Our brain does its job if it is well fed. The content of our plate depends on whether it performs better.

“Pregnancy and breastfeeding are essential times for the brain. Care should be taken to feed the future mother at least six months before conception, says Dr. Jean-Marie Bourre. The brain will draw during its construction in the reserves formed by the adipose tissue of the mother. A construction which continues during the two years following the birth, with the organization of the circuits of the neurons, and continues until 20 years with their development . “

The right nutritional choices
The brain needs a balanced diet to function. Essentially, the diet consists of macro-nutrients, proteins, carbohydrates and fats, but also vitamins, minerals and fatty acids, from the micronutrient family. “A well-chosen diet, which combines a variety of foods eaten with pleasure, is the best service we can do to our brains,” says Dr. Bourre. Slow sugars at breakfast The brain monopolizes 20% of the sugar consumed by the whole organism. Absorbing slow sugars in the morning (whole grain bread and cereals) helps improve the speed of information processing and memorization for the day. At dinner, pasta, rice or even lentils, peas or dry beans provide the fuel necessary for the brain, which stores and stores the information of the day during the night.

Protein at each meal, plant or animal, are not stored by the body. We must therefore absorb it regularly, especially those containing quality amino acids that permanently repair and build our brain cells. Eggs, beef, peas, dry beans, lentils and soy, tuna, dairy products, especially cooked cheeses, are preferred. Protein requirements are around 70 g per day in an adult (more in children or pregnant women). Forcing proteins before an intellectual test helps activate substances such as dopamine and norepinephrine, which alert mental functions. Favor polyunsaturated fatty acids (omega-6 and omega-3) They are essential to our neurons, participating in the construction of their membranes. An omega-3 deficiency could be the cause of depression or hyperactivity, and disrupt learning. They are found in nut, rapeseed and wheat germ oils or mixtures of several oils sold commercially.

Fish and seafood reduce the risk of dementia, such as Alzheimer’s, by promoting better renewal of nerve cells. Prefer mackerel, herring, salmon, sardines, preferably steamed or poached. Each vitamin has its field of action Vitamins participate in the proper functioning of our gray matter.

Vitamin B1
The brain, which gets its energy from glucose, needs this vitamin to process it. It is found in whole grains, meats, especially pork, liver, eggs, peas and dried beans.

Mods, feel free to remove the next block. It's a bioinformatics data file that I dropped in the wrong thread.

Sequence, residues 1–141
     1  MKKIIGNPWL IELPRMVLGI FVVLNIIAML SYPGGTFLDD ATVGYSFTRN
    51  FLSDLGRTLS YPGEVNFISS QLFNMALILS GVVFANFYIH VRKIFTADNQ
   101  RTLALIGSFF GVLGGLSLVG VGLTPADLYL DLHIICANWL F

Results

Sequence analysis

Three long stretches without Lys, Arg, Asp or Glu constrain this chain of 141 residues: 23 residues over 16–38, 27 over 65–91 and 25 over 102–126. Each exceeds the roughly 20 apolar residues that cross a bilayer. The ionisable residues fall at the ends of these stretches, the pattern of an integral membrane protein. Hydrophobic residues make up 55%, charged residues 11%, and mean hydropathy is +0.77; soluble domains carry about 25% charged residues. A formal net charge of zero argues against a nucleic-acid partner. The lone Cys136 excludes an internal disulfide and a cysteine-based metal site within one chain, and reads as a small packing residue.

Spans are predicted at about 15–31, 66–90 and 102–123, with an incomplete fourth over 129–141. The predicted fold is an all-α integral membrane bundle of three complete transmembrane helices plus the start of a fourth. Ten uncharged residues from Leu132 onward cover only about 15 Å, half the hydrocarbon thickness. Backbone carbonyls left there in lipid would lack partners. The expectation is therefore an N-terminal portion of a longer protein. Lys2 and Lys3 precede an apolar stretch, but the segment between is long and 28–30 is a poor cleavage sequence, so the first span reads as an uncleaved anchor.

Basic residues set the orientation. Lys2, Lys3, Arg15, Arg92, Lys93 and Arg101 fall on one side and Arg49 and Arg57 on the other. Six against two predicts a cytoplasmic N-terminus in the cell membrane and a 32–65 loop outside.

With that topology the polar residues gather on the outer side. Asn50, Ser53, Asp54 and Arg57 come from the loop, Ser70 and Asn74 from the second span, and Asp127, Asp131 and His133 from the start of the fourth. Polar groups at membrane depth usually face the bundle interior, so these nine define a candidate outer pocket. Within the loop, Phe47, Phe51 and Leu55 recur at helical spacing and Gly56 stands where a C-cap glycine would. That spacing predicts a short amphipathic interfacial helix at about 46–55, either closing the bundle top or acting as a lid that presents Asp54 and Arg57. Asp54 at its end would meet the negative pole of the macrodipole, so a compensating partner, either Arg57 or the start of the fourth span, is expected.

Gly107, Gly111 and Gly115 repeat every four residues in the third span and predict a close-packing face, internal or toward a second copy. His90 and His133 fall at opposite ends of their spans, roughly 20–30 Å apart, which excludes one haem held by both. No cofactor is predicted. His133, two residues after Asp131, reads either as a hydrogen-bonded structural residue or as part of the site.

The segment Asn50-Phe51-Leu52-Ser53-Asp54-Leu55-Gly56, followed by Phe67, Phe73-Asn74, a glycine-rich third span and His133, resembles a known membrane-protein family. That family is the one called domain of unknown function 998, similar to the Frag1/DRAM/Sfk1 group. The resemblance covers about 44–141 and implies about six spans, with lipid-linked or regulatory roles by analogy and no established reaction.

Vitamin B6
It influences mood and promotes memory. Salmon, ham, liver, lentils and white beans are rich.

Vitamin B9 (folic acid)
It prevents memory loss. Consume cabbage, asparagus, watercress, leeks, corn, almonds, liver and eggs regularly.

Vitamin B
It is present in meat, eggs, crustaceans, fish, dairy products. B12 deficiency is the cause of neurological and mental disorders.

Vitamin C
Invigorating and anti-stress, it has its part in the communication between neurons. Blackcurrants, kiwis, citrus fruits, watercress, cabbage and liver are richly endowed with it.

Vitamin E
It has an antioxidant effect on neurons. It is present in wheat germ, corn and soybean oils, salads, cabbage, spinach, hazelnuts and eggs. The virtues of minerals Trace elements also play an essential role.

Present in red meats, parsley, cocoa, dried fruits, it promotes good oxygenation of the brain and supports memory and learning in children.

It has the same virtues as iron. It is found in chocolate, dried fruits, and in certain mineral waters (Hepar).

Zinc deficiency, which is common from the age of 60, disrupts the absorption of oxygen by the brain. Oysters, Beaufort, Comté, Maroilles cheese and meat are recommended.

It protects against brain aging. It is found in meats, eggs, and especially in porcini mushrooms and Brazil nuts. Nutritional supplements “All the components of the diet meet specific needs. For agitated children who show difficulty concentrating, magnesium, combined with silica, has a positive effect.

Beyond the optimal dose, the effects become negative, even dangerous. Too much iron is very harmful to the liver, “says Katy Bonan, medical nutritionist. The nutritionist advises to make cures on short periods and never to exceed the recommended doses… To associate without precaution two substances can prove counterproductive.

Better to seek advice from your doctor and, for those who take nutritional supplements, check that two different products taken simultaneously do not contain the same substance causing an overdose.

By Dco

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